Showing posts with label Maria Callas. Show all posts
Showing posts with label Maria Callas. Show all posts

Friday, November 8, 2019

"Dolemite is My Name" and The Week in Reviews

[I review Eddie Murphy's new movie "Dolemite is My Name" as well as DVDs "The Hustle" and "Maria by Callas."  The Book of the Week is "Half Baked Harvest: Super Simple" by Tieghan Gerard.  I also bring you up-to-date with "My 1001 Movies I Must See Before I Die Project" with "The Baker's Wife."]

Dolemite is My Name

The Story of Rudy Ray Moore.

Never heard of him?  Well, Eddie Murphy wants you to know who he was and this is a tribute to Moore.  And speaking of Eddie Murphy, he is a big way!  Back in the 80's, Eddie was on fire with his stint on SNL, his stand-up comedy act and starring in such hits as "Trading Places," "Beverly Hills Cop," "48 Hours" and "Coming to America," but then he hit a snag with clunkers like "The Adventures of Pluto Nash" and "Norbit" and then was virtually off the screen for the last ten years.  But despite some missteps, I have always been a big Eddie fan and glad to see he is back playing the comedy legend Rudy Ray Moore.

Back in the 70's, Moore couldn't get arrested.  He was a wannabe singer, a wannabe comic, and a wannabe actor, working in a record store by day and acting as an MC in a club by night. Rudy had come to California hoping to become the next Sammy Davis Jr. but as the film begins he laments his life saying "I ain't got nothin.'" Despite promoting himself to the club owner, Rudy could never get a gig until he ran across a homeless guy named Ricco (Ron Cephas Jones) who often wandered into the record store telling "hobo jokes" in a sort of rapping rhyme.  

One of Ricco's "jokes" was about a character named Dolemite, "the baddest mother-f***er who ever lived."  A light bulb goes off in Rudy and he seeks out Ricco and his homeless cohorts and tapes them, eventually building an act around Dolemite.  In fact, he becomes Dolemite, a colorfully dressed, swaggering pimp who brags about his sexual prowess and tells stories using rhyming poetry and lots of expletives.  Dolemite is a hit and Moore's career takes off, leading to cross-country tours with his very "blue" comedy act. Then comedy albums followed (remember those)? 

But Rudy wanted more. When he and his friends attend the film "The Front Page," which was a hot film in the 80's starring Jack Lemmon, Rudy had another awakening.  Sitting there with his friends, he realized this very popular film was not about them.  It was about a bunch of white middle class guys working at a newspaper.  Where was the "bone-crushing, skull-splitting, brain-blasting action" he and his pals enjoyed? 

“This movie had no titties, no funny and no kung-fu,” Moore says, “the stuff people like us wanna see.”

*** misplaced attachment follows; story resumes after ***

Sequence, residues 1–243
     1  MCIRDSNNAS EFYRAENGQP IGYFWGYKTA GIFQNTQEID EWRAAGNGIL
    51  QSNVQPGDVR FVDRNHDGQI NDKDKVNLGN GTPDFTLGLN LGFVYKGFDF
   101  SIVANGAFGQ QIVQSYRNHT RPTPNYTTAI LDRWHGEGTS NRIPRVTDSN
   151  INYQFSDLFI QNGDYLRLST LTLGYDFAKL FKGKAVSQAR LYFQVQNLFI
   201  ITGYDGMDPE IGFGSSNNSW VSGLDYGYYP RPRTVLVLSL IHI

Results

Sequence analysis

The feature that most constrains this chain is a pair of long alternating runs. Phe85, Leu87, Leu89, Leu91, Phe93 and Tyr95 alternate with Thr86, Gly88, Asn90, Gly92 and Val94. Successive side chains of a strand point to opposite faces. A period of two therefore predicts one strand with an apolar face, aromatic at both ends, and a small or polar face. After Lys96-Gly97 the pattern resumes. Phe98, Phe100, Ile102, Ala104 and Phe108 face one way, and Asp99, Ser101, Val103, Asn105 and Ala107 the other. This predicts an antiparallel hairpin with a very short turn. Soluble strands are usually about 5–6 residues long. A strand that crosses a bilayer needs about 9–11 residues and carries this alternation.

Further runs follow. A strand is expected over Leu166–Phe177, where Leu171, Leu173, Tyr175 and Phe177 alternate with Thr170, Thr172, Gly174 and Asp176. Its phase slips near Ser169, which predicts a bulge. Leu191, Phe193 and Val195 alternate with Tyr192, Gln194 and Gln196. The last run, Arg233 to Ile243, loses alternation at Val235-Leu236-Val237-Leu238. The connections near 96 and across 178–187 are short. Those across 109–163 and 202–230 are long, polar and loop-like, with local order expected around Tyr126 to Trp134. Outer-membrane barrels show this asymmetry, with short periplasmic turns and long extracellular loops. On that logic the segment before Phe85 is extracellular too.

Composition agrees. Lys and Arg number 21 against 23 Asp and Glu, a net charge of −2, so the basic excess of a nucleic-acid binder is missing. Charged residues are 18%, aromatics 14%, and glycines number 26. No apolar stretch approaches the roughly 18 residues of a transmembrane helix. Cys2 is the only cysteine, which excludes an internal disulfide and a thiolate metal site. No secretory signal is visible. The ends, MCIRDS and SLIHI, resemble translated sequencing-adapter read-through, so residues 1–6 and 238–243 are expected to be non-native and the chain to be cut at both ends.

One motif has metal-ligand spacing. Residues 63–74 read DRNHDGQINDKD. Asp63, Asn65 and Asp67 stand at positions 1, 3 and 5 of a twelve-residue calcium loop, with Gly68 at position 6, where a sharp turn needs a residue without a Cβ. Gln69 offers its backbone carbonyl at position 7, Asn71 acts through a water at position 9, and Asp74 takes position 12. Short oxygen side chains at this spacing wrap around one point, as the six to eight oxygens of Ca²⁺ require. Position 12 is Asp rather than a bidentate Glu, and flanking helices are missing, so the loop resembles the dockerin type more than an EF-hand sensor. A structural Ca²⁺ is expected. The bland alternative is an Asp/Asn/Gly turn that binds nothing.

So Rudy realized that if he really wanted to be a star, he had to make movies.  How hard could it be? So Rudy decided to make his own films starring Dolemite and his film "Dolemite" became legend in the world of Blaxploitation cinema, where Moore was actually parodying the genre. Five more Dolemite films followed. So this film is not just about Moore, but also a film within a film as we get to watch Moore undertaking his first film. It was harder than he thought!

Though the film is about Rudy Ray Moore, who has been dubbed "the godfather of rap," one could extrapolate that it's also a celebration of black comedy and culture.

The film, written by Scott Alexander and Larry Karaszewski (who also wrote "Ed Wood" and "The People vs. Larry Flynt) and directed by Craig Brewer ("Hustle and Flow"), is a smart and stylish film that brings together a potpourri of black comics and actors: Keegan-Michael Key, Craig Robinson, Mike Epps, Tituss Burgess, T.I...even Snoop Dogg, Chris Rock and Wesley Snipes make appearances.  Poor Wesley.  He was so hot in action films and then got himself into some tax trouble that landed him in jail for three years, but here he shows what he can do by playing an outrageous and funny character in some of the best moments in the film.

But the film is really all about Eddie, who not only stars but produced the film. We've missed you Eddie.  So glad you are back!

Rosy the Reviewer says...Eddie's still got it!
(This film was released simultaneously into theatres and on Netflix so there is no excuse for you not to see it)! 

***Some Movies You Might Have Missed***
(And Some You Will Be Glad You Did)!


The Hustle (2019)

The female version of "Dirty Rotten Scoundrels."

"Dirty Rotten Scoundrels" was funny and memorable. This one wasn't. I loved "Dirty Rotten Scoundrels."  Didn't like this one.

Now I am all for movies about female empowerment, even if the empowerment is conning men, but the film just wasn't funny. 

And then there is Rebel Wilson.

Here's a quiz:

  • Is Rebel Wilson really funny?
  • Do we want to see Rebel Wilson falling down and sliding across the floor yet again?
  • Are we sick of her schtick yet?

Penny (Wilson) is an American con-woman who preys on guys on dating sites using another, hotter woman's picture.  When she shows up to meet the guy in a bar and sees the disappintment on the guy's face, she says she is the friend of the girl on the Internet and then hits the guy up for money for the girl to get a boob job. Well, what guy wouldn't want to spend money to get a boob job for a girl he has never met?  Are you laughing yet?

After running that scheme too many times in bars, Penny decides she needs to get out of Dodge - Well, actually New York City - so she decides to head to the French Riviera.  What she doesn't realize is that the French Riviera is Janet's territory.  Janet (Anne Hathaway) is also a hustler, but unlike Penny, her hustle is a high class, sophisticated hustle.  When the two meet, Janet is not happy to share her territory with Penny, and so Janet decides she needs to get rid of her. She strikes a deal with Penny: whomever can con Thomas (Alex Sharp), a rich tech guy who is staying at the hotel, out of $500,000 first, gets to stay.  The other must leave. So they set up an elaborate scheme...and if you don't see how this is going to end, you don't go to the movies much.

Rebel does her usual slapstick stuff because I guess we are supposed to think that fat girls falling down is funny.  She seems to do that in every one of her films.  And that is sad because Rebel can actually act and has a poignant side, but we don't see that much.

And then there is Alex Sharp.  Either I am just getting older and older or actors are getting younger and younger but this guy looks like he is about 12.  Not sure if that was the point since he plays a rather naive young guy, but sheesh, he looks young, too young to play a tech tycoon.

Directed by Chris Addison, this is almost a complete replica of "Dirty Rotten Scoundrels," except with women, so much so that writers Stanley Shapiro and Paul Henning share writing credits with the original writers of "Dirty Rotten Scoundrels," but sadly this version is neither funny nor memorable. One could make the case that the film tries to make a statement about women who are getting back at men for being treated so poorly by them, but it doesn't really work nor did I care enough to give this film that much thought.